As many of you know, we spent the past six or eight weeks learning about the events leading up to the American Revolution. One of the best ways for kids to learn is for them to actively engage with the material. I used to teach American History classes overseas and at the end of each unit we would put on a play for the parents. I would always write the play so that everyone in the class had a part. Since ED is finally old enough, I thought I would try writing a play for the kids on this material. What a great way for them to understand how and why things happened! The kids *really* loved working on this.
It took us about two weeks to get this “ready” to perform. We practiced for an hour (or two). The kids never memorized the lines, but we went over scenes again and again so they could make transitions easily and so that they understood when things were happening all at once (like the Boston Massacre where the lines were said one right after the other or at the same time). It was the kids’ first experience with drama and they really worked hard to polish the play up!
Even if you don’t have that kind of time to devote to the play, they would get something out of reading through the play (and working with the material in a different way).
I set out to create a play for three people, so for each scene the kids had to change name-tags. If you have a classroom, you can assign about 12 different parts. The play is nine pages long. There are nine acts:
- Act 1: Parliament: The Proclamation of 1763, Stamp Act is Passed
- Act 2: Reaction to the Stamp Act in the Colonies
- Act 3: Andrew Oliver’s Effigy; Stamp Act Protest
- Act 4: Parliament Repeals the Stamp Act, Passes the Declaratory Act and Passes the Townshend Acts
- Act. 5: Boston Custom’s House 1770, Boston Massacre
- Act 6: Boston Tea Party (Sam Adams, James Otis with a small dustbin and brush, Elisha Leavitt)
- Act 7: Lexington and Concord (Paul Revere, SA, Col1)
- Act 8: Tories, Tories Everywhere (Elisha Leavitt, a Tory, Sam Adams)
- Act 9: Battle of Grape Island (Captain Thomas Preston, Elisha Leavitt, Sam Adams)
We used our living room as our stage and had the events in the colonies on one side of the room and the events in Parliament on the other side. A “boat” was in the middle and was used both for the Boston Tea Party and for the scenes where various acts were passed (and the news was shared over in the colonies)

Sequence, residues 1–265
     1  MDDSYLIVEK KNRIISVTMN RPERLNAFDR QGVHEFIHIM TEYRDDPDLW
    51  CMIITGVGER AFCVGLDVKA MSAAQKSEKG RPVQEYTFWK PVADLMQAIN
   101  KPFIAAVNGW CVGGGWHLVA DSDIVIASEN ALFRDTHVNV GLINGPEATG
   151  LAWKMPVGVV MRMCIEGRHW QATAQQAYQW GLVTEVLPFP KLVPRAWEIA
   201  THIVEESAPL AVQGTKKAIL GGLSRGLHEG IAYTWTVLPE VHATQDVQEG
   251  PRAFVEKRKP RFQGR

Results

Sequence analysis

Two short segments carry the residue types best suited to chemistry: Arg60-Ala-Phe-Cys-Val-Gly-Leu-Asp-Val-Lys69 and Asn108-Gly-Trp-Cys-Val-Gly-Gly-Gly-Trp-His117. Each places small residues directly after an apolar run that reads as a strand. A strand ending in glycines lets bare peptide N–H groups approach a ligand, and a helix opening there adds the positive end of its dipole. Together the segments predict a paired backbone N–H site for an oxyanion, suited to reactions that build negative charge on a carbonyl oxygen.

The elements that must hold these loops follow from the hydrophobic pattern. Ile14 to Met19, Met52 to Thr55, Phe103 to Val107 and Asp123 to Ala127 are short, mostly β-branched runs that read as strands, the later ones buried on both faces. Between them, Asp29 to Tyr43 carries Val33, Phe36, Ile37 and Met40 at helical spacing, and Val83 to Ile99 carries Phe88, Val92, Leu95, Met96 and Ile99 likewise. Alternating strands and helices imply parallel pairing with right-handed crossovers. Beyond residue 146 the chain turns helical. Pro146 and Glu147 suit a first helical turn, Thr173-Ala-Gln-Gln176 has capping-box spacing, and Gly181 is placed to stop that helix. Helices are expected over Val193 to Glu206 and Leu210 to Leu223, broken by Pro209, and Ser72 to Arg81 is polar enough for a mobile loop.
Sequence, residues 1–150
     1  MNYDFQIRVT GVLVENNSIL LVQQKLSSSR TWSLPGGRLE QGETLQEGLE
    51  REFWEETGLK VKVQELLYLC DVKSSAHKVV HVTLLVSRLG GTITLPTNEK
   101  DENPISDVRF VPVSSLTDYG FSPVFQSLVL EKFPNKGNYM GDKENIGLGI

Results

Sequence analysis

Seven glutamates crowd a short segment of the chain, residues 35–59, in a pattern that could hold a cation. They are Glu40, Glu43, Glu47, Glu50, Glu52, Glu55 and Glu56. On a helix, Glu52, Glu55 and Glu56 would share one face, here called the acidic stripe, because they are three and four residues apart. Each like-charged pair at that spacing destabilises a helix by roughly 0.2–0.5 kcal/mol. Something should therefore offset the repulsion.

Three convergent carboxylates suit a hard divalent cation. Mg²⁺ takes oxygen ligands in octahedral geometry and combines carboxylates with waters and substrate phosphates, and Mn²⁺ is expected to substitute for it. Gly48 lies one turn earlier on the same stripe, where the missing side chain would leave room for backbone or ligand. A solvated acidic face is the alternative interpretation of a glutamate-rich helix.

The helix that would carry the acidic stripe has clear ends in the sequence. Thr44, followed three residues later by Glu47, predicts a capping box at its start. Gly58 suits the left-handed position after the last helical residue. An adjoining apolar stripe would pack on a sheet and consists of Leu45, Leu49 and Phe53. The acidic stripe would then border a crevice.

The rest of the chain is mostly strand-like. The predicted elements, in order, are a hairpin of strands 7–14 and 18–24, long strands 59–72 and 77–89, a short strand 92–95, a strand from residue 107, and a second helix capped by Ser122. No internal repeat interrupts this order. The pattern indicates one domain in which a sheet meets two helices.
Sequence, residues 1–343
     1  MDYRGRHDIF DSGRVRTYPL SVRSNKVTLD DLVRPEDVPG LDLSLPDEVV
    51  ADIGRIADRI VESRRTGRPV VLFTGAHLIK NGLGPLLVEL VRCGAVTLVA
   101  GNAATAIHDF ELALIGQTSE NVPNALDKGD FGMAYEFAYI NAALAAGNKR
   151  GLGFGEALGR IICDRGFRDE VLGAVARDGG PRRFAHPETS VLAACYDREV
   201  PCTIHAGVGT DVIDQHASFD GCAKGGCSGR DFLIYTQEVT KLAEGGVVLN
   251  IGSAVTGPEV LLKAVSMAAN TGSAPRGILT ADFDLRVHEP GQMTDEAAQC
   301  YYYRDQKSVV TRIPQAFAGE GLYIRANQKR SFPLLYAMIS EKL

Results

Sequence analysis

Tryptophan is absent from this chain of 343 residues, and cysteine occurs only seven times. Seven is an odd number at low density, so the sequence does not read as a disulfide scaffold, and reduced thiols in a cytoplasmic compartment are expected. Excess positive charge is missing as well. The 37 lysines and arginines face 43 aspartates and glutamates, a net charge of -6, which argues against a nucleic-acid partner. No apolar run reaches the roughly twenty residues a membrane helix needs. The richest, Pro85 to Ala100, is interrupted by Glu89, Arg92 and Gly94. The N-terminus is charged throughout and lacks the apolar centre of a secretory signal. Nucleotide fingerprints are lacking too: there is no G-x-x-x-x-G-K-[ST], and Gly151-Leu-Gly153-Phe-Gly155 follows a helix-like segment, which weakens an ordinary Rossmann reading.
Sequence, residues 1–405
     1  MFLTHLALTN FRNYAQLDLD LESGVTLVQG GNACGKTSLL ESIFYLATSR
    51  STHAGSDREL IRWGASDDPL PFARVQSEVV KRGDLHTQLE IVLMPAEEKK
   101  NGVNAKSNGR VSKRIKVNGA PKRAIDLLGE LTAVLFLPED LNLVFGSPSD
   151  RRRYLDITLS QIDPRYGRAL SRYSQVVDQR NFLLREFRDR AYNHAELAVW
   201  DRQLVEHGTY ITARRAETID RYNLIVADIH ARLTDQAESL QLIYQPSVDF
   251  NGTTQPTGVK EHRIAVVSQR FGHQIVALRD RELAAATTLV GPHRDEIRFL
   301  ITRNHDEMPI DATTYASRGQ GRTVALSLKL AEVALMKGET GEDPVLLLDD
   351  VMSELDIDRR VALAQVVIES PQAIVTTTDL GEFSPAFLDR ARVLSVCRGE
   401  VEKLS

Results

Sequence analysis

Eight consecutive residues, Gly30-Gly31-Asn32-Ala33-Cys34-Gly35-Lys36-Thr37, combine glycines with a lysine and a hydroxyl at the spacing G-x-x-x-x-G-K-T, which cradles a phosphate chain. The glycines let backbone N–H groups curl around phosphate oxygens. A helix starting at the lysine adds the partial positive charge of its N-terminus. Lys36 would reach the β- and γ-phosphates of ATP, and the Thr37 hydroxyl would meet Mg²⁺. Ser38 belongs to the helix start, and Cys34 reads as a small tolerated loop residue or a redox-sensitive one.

Our play includes many of the common events you’d recognize… Parliament passing various acts, the burning of Andrew Oliver’s effigy (scarecrow in the picture above left), Boston Massacre, Boston Tea Party, Paul Revere’s Ride (with a selection from Henry Wadsworth Longfellow’s famous poem), but also includes a sub-plot about a Tory named Elisha Leavitt.
Elisha Leavitt was a real historical person. He was a blacksmith who became a merchant and wealthy landowner in the Boston area. He also was a Tory and sympathized with the British. The events at Grape Island have sometimes been referred to as the “Battle of Grape Island.” This took place about a month after Lexington and Concord and less than a month before Bunker Hill.
Act 5: The Boston Massacre
This play is currently free to download, but will be bundled with the American Revolution Packet Wednesday, Nov. 18th or $2.00 on its own.
After you enter your email, you will receive a link immediately to download the pdf. Sendowl (the service I use) will also send you the link in an email. The email will say “Homeschool Den Purchase” and “Thank you for your order” even though it is currently free. 🙂 If you have any questions feel free to send me an email liesl at homeschoolden dot com ~Liesl
To download the American Revolution Unit click on the link below. That will bring up a text box from Sendowl (the service I use) to download this file. You will be able to download the file from your browser, but you will also receive an email from Sendowl with a link you can follow to retrieve your file. Don’t forget to check your downloads folder!! Just follow the link in the email you received from Sendowl to download the file again.
If you have any trouble with your order feel free to email me: liesl at homeschoolden dot com.
P.S. My daughter enjoyed doing this play so much, she decided to try out for a part in the local production of Narnia. She got a part (in the chorus) in Aslan’s army! 🙂 It’s so great to expose the kids to different things, isn’t it?!!
Happy Homeschooling and Terrific Teaching!! ~Liesl
You might also be interested in these posts:
- American Revolution Packet: See more details here.